Last week it was announced that the Indian-owned Tata Steel will close its two blast furnaces in Port Talbot with nearly 3000 jobs expected to be lost.
Fundamentally, the driver of this decision is the green agenda. It is the high cost of energy that we have in this country and the systems that impose such extra burdens on our manufacturing industry that other countries don’t have to face.
Jacob Rees Mogg delivers his verdictGB News
The blast furnaces will supposedly be replaced by an electric arc furnace in a few years’ time, which argues that it’s better for the environment.
But as is often this case with imports, it just offloads carbon emissions somewhere else at the expense of reducing British industry.
Steel making is done in two parts. First, the iron has to be extracted from iron ore creating what is known as pig iron or crude iron. Second, the pig iron is then turned into steel in a furnace.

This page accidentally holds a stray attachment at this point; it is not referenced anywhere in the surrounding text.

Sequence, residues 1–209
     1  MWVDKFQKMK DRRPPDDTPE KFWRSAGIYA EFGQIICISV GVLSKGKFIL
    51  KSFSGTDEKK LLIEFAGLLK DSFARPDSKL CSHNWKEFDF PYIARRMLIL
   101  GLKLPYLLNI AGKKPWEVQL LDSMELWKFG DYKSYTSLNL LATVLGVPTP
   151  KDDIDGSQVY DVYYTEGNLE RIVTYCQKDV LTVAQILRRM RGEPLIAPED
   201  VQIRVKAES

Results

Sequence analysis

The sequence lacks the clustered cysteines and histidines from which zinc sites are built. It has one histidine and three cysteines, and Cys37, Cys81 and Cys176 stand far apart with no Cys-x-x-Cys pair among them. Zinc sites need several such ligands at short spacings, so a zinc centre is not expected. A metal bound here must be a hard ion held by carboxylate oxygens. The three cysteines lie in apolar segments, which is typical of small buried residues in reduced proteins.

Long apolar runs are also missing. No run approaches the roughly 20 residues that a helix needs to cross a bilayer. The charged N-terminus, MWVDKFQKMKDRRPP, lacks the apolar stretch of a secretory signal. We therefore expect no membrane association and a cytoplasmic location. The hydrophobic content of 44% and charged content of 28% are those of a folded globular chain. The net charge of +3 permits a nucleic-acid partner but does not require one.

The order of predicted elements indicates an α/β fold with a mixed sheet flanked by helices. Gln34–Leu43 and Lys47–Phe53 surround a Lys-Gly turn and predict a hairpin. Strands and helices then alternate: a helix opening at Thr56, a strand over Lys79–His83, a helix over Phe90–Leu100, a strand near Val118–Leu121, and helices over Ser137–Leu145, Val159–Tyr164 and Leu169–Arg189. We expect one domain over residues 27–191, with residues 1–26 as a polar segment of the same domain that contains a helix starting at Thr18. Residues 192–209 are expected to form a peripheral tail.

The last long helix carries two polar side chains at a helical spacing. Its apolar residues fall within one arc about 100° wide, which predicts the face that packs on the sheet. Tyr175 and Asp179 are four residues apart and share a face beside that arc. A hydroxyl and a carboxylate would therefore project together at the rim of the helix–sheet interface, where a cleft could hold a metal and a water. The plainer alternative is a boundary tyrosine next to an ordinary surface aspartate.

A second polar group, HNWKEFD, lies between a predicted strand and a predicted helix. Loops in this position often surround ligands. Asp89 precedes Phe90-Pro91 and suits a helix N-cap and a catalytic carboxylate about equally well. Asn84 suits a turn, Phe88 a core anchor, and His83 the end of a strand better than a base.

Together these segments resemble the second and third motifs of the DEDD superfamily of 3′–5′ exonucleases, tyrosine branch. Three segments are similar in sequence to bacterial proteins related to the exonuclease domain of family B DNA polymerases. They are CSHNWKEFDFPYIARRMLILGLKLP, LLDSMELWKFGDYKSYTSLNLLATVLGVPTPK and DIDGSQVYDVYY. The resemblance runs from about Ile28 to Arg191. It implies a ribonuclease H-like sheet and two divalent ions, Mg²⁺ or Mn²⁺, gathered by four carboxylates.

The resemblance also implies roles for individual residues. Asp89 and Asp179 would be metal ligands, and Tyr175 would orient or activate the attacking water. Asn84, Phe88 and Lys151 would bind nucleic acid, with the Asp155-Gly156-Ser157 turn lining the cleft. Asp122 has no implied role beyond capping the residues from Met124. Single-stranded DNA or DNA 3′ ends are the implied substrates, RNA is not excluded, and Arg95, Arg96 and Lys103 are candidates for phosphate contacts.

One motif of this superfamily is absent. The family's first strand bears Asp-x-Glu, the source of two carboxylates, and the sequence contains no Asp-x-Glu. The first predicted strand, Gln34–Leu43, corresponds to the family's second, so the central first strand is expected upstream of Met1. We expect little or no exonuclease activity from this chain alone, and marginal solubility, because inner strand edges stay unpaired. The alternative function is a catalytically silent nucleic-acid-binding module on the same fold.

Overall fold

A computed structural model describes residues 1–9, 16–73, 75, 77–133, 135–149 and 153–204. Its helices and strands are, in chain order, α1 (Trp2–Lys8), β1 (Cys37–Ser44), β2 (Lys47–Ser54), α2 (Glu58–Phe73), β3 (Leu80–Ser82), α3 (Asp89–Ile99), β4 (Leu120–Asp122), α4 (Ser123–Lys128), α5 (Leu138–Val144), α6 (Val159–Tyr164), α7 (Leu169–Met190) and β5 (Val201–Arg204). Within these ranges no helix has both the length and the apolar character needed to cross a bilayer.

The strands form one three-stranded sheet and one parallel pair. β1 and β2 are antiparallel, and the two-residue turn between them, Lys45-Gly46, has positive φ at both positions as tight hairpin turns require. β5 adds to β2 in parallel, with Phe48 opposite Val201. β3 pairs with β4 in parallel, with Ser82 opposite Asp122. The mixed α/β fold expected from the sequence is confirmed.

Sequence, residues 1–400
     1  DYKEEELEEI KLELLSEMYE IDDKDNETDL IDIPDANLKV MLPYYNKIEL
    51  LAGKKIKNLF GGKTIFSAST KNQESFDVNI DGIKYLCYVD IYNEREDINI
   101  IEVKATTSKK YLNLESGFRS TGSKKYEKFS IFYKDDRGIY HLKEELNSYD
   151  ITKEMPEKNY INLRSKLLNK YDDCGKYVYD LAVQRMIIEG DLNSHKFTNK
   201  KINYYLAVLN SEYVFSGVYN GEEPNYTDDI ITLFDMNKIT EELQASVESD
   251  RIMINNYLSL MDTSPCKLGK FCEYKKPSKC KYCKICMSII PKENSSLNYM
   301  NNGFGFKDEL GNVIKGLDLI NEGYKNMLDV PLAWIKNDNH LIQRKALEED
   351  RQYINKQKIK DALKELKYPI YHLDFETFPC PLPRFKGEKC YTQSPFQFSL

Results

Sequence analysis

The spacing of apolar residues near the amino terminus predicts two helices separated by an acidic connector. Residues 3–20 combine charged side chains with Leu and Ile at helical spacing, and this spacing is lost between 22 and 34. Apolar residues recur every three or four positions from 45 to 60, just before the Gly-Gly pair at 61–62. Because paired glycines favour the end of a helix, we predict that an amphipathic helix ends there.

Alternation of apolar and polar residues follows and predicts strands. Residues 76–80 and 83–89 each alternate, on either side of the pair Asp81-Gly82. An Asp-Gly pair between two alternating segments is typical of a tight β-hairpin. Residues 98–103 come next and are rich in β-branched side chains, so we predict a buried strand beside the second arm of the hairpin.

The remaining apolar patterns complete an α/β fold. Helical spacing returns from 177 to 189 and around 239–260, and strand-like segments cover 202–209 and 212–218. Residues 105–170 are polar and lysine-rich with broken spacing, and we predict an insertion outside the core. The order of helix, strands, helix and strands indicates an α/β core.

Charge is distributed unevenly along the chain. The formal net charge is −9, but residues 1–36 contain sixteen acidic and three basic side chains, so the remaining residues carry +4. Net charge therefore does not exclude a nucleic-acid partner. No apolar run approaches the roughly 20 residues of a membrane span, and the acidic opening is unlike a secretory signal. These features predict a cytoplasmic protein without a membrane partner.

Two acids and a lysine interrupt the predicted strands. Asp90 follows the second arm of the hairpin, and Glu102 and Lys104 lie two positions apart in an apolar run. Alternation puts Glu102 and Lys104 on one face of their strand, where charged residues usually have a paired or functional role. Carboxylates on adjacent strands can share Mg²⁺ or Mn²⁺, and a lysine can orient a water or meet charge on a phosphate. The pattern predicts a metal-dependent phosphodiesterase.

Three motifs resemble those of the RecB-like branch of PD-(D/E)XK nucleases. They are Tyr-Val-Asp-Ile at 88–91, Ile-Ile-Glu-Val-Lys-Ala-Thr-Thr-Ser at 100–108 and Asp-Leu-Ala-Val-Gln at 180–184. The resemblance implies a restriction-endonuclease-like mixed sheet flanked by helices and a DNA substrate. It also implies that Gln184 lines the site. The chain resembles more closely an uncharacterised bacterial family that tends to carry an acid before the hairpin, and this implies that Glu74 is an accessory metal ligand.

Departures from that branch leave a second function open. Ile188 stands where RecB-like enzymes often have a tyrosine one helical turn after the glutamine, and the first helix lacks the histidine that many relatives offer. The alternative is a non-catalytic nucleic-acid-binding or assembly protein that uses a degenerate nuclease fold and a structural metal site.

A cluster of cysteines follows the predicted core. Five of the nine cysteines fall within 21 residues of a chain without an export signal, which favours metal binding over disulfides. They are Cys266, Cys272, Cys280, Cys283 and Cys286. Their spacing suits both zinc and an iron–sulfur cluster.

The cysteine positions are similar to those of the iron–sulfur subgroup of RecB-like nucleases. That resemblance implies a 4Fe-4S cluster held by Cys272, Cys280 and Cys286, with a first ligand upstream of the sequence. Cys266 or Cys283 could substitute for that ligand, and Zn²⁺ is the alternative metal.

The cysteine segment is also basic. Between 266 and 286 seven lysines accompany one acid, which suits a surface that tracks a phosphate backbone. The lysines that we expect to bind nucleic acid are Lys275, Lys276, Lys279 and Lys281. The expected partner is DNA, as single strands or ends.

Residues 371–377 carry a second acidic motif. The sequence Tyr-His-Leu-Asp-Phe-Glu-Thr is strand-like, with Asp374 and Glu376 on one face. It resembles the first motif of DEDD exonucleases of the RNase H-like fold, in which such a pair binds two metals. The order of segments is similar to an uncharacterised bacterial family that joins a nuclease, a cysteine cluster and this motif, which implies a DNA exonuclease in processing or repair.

Electric arc furnaces will only help with the second part of the steelmaking process, meaning we will have to import the pig iron.
So while l on paper these developments will significantly reduce our carbon emissions, we will merely be offloading them to countries such as China or India.
It’s reminiscent of energy imports in which we offload the carbon emission to other countries rather than using our own domestic supplies. Indeed, importing the pig iron from India and China will be more carbon intensive than making it ourselves due to the carbon emissions generated by shipping.
When we in our wisdom voted to leave the European Union, which was no doubt in part of it for freeing ourselves from red tape and over regulation in the trading bloc, I don’t think anyone expected us to out-green the green fanatics in Brussels.
That’s exactly what we’ve done. When we left, we created a replica of green policy infrastructure, including the emissions trading scheme, and the emissions trading scheme is a huge burden on some of our industries.
And it’s expected that we will copy the protectionist carbon adjustment mechanism from the EU.
These are effectively extra taxes on industry and therefore on you, which put the 35,000 UK jobs in the steel industry are at risk.
So instead of throwing jobs on the furnace, we ought to burn the emissions trading scheme and the other green policies to crisp so we’ll get on with genuinely competitive steel production.